Message from our new Chair of Trustees

A message from the new Chair of trustees, Rik Child.


I’m pleased to report that at last night’s AGM of the BHFA I was elected to the office of chair of the board of trustees with a firm majority. I am honoured to have won the backing of members from a wide variety of faith traditions, including Christian, Jewish and Muslim groups and happy to have spoken to so many of you. I would like to thank all those members who placed their faith in my vision of what the BHFA could become.


Over the next few weeks I’ll be working with fellow trustees and staff in organising the BHFA to ensure it fulfils its aims and objectives.

To this end:

  1. I have asked Lev, our Project coordinator to establish a regular membership newsletter to go out every month to our members. This is to keep members better informed over the progress of the BHFA and to encourage greater membership engagement and foster unity.
  2. I am about to reach out to several faith leaders and invite them to join the board of trustees to inject new energy and determination to accomplish our vision. More soon.
  3. I think we should have a vice-chair who represents each of the main faith traditions in our city. This is to ensure that a senior voice from the Christian, Jewish, Muslim and Buddhist groups are heard at an executive level. Obviously, we want to engage other groups too as trustees.
  4. I have organised a meeting with the CEO of Community Works to discuss how to take the Faith Partnership forwards which is our core income stream at present.

With the social and economic uncertainty of Brexit looming, cuts to local authority budgets continuing and the disturbing rise in religious hate crime, it has never been more important for faith groups to unite in delivering social welfare services, ensuring that any gaps in our social safety net are filled and stand together in resisting religious hate crime.

I will do everything I can to ensure the BHFA plays an active role in bring faith groups together in this important work.

Yours faithfully,

Rik Child, Brighthelm

Chair, Brighton and Hove Faith in Action


Annual Interfaith service and Celebrating Faith event video

Here’s an awesome short video put together by our friends over at the Interfaith Contact Group. It shows some fab clips from the annual Interfaith service and the Celebrating Faith event last November.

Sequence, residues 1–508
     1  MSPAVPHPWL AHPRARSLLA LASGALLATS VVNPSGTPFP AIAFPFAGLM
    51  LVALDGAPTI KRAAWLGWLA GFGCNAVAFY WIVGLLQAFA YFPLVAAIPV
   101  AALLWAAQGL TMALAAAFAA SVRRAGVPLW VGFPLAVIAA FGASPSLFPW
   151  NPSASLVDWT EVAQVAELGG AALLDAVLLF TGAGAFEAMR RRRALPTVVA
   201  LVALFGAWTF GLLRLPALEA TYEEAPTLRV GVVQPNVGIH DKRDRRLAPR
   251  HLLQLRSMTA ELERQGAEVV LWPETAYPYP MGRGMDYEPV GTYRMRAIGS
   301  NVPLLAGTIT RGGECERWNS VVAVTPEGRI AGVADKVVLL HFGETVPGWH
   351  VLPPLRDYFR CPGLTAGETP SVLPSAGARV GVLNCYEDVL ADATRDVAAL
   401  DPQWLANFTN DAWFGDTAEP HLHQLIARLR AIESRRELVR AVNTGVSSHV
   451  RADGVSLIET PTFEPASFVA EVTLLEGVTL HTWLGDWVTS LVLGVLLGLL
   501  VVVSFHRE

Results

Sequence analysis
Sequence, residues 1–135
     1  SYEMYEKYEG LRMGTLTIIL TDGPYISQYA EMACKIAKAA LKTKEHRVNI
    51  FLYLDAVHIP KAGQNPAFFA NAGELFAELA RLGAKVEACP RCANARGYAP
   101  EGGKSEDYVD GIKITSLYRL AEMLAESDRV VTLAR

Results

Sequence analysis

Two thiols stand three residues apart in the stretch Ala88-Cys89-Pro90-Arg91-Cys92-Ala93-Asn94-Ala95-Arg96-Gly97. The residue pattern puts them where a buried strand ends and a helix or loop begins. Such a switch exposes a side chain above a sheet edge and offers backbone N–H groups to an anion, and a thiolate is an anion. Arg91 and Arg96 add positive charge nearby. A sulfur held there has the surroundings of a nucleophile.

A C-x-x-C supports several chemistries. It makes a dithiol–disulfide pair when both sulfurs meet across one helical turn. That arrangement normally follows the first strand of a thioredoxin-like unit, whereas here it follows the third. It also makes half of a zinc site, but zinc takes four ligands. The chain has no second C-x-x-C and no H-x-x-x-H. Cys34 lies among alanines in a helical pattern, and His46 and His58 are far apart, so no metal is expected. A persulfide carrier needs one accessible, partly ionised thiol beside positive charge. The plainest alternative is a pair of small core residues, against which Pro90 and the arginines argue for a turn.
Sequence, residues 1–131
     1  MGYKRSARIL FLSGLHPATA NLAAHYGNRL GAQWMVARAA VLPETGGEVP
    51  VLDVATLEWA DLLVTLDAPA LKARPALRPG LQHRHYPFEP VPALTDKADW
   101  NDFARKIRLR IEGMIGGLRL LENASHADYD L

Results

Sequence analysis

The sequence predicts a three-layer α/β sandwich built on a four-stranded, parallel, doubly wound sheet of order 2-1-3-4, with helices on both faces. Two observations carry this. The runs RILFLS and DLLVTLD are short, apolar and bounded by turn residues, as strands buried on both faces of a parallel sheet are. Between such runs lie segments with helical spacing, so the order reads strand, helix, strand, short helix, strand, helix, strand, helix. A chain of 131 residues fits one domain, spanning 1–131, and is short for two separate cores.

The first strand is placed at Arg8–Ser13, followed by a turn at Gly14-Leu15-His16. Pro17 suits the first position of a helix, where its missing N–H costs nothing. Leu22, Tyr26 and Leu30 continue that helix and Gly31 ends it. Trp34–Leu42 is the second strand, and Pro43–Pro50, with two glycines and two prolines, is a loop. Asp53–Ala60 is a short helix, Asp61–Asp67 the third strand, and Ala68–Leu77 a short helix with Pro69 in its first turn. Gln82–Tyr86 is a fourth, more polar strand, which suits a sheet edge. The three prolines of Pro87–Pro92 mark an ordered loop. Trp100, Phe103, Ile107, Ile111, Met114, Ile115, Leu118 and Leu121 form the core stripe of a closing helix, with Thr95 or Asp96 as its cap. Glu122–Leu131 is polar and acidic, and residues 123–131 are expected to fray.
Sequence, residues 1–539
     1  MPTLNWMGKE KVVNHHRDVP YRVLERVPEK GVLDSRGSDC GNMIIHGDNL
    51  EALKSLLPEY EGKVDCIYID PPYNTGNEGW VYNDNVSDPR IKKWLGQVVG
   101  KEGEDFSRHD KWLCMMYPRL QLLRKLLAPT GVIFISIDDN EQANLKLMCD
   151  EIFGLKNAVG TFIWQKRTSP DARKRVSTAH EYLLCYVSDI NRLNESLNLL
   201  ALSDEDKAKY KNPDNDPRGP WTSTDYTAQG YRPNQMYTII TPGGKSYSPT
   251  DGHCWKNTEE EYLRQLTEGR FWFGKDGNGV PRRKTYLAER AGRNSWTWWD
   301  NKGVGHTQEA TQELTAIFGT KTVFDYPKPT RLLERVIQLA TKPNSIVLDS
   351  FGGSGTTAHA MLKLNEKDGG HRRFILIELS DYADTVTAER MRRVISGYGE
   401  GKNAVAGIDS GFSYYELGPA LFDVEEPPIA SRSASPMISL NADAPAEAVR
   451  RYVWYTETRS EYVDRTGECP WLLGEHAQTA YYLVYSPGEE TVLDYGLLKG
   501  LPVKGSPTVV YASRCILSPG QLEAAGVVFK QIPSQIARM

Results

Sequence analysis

I’m proud to say this is how we do things in Brighton! Christians, Jews, Muslims, Buddhists, Hindus, Bahai and all others not just peacefully coexisting, but celebrating their faith with one another.

Really pleased to hear from Mahmut that there has been no hate crime increase in Brighton since Brexit, despite a sharp rise nationally. I think this goes to show how lovely and liberal we are here by the sea.

Celebrating Faith 2016

Celebrating Faith 2016 

15 November 11am-3pm

St. Peters Church,


We are pleased to announce that following the success of last year’s Celebrating Faith event during international interfaith week, we are holding the event again and it’s going to be bigger and better than before.

Like last year, the focus of the event is on the important social welfare and community building projects faith groups run, be they food banks, homeless services, debt advice, youth groups, lunch clubs for the elderly or hiring out halls and building space for the local community. The scale of networking available at this event is unavailable at any other time of year, and many found it incredibly useful for discovering other faith groups who are running similar or complimentary projects to their own.

We’ll be at an awesome venue this year, St Peters Church, right in the heart of the city, where we will have much more freedom than the Brighton Centre. We’ve also listened carefully to the feedback from last year and have made the following changes:

– A much bigger focus on networking and conversation – the market place will be open all day so you will have the time to speak to anyone you would like to.